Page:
New findings about the brain’s stress and reward pathways could lead to potential treatments for alcohol abuse problems.
The study, supported by the National Institutes of Health, found that the pathways can interact to suppress binge drinking. Previous research found that the protein corticotrophin-releasing factor (CRF) increases anxiety. Activity in CRF also increases during binge drinking. On the other hand, a protein, neuropeptide Y (NPY) is known to reduce binge drinking and anxiety.
Through various animal models, researchers found that the anti-drinking effects of NPY are produced by increasing inhibition of CRF neurons in the bed nucleus of the stria terminalis (BNST), which is involved in reward and anxiety behaviors. The NPY system also showed signs of changes over time, suggesting that it may be a suitable target for new treatments or as a biomarker of potential alcohol abuse.
With direct evidence that NPY signaling influences binge drinking, and a better understanding of how the two processes interact, researchers suggest that enhancing NPY function or inhibiting CRF function may be effective strategies in both preventing and treating alcohol abuse or dependence.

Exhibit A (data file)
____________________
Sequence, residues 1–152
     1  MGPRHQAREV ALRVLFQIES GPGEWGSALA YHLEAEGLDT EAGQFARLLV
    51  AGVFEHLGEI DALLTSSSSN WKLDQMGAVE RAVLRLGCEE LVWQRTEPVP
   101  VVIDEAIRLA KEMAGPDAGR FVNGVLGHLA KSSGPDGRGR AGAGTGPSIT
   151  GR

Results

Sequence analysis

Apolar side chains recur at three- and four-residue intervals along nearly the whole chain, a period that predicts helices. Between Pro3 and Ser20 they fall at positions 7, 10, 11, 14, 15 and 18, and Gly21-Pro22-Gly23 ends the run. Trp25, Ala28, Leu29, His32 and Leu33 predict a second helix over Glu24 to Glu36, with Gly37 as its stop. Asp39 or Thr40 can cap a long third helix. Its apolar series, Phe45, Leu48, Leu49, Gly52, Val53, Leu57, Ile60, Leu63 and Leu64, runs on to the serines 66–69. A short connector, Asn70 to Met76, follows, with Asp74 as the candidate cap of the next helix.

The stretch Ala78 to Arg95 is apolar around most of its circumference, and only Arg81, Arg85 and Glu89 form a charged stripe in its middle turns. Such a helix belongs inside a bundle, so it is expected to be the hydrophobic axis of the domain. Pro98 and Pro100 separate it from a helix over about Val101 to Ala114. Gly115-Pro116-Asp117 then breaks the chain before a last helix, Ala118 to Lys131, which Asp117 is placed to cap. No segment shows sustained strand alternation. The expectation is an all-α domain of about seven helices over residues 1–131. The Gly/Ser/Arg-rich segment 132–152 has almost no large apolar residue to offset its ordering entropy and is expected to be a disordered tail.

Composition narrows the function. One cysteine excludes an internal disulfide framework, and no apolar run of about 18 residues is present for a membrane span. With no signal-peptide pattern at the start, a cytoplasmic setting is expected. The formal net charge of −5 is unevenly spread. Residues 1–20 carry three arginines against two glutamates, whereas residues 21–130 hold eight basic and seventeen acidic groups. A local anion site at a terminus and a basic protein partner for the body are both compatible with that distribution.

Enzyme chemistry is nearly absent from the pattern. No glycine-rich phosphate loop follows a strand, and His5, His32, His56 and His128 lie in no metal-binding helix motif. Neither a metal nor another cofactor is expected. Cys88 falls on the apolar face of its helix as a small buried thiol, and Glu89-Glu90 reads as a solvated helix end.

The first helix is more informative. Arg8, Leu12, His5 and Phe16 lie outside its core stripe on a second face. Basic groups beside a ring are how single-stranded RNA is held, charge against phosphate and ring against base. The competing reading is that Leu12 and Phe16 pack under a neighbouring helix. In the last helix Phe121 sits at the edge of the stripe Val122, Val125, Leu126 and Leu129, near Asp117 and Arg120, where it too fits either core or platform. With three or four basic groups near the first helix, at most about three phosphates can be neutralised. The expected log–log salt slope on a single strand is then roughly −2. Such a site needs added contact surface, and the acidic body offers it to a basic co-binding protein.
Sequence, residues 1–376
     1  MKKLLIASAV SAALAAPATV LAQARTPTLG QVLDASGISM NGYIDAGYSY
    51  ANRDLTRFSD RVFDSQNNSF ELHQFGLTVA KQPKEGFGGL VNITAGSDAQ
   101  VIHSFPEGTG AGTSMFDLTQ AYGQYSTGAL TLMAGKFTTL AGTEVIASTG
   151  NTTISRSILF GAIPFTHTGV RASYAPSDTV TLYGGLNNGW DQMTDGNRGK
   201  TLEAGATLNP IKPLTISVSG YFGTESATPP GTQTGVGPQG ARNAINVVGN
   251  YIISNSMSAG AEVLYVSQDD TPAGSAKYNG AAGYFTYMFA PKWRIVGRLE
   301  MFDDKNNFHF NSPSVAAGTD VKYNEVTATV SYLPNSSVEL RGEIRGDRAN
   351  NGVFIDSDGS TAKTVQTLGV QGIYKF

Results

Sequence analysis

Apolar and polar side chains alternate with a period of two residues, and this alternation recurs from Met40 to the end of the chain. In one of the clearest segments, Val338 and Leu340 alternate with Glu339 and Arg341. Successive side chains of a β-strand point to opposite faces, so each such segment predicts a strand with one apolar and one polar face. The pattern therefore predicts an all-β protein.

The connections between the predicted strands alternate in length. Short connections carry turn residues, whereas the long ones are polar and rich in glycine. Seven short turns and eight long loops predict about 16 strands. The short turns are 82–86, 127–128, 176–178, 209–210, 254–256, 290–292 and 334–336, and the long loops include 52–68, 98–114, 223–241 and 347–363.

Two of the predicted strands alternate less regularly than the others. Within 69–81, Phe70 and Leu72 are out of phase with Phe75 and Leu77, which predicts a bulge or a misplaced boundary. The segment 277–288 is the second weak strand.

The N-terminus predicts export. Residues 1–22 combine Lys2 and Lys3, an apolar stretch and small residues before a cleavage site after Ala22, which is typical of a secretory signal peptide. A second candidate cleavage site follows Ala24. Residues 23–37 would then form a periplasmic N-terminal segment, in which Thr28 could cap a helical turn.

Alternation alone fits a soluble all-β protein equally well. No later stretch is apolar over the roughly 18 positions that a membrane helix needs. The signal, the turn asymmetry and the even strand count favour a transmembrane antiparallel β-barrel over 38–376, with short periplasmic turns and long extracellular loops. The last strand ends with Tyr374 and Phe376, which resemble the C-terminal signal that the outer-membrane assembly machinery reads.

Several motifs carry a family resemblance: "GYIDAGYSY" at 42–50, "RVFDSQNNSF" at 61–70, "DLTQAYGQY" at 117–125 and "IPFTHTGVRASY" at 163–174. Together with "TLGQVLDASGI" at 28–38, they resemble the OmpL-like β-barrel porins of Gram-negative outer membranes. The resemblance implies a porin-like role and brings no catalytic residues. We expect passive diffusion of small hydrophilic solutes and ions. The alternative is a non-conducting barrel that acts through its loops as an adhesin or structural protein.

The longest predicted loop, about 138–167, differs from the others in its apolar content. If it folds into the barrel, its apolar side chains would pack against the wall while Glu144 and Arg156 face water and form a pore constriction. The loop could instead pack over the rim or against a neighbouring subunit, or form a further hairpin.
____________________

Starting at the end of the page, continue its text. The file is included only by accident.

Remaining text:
Researchers from University of North Carolina School of Medicine in Chapel Hill report in Nature Neuroscience the discovery that a naturally occurring brain protein can suppress binge alcohol drinking. NPY could be a useful treatment for alcohol use disorders and may also prevent some people from becoming alcohol dependent, according to the researchers.
In the new study, the University of North Carolina (UNC) team used “a series of genetic and pharmacological approaches” to identify a protein in the brain called neuropeptide Y (NPY) that suppressed binge drinking behavior in a mouse model.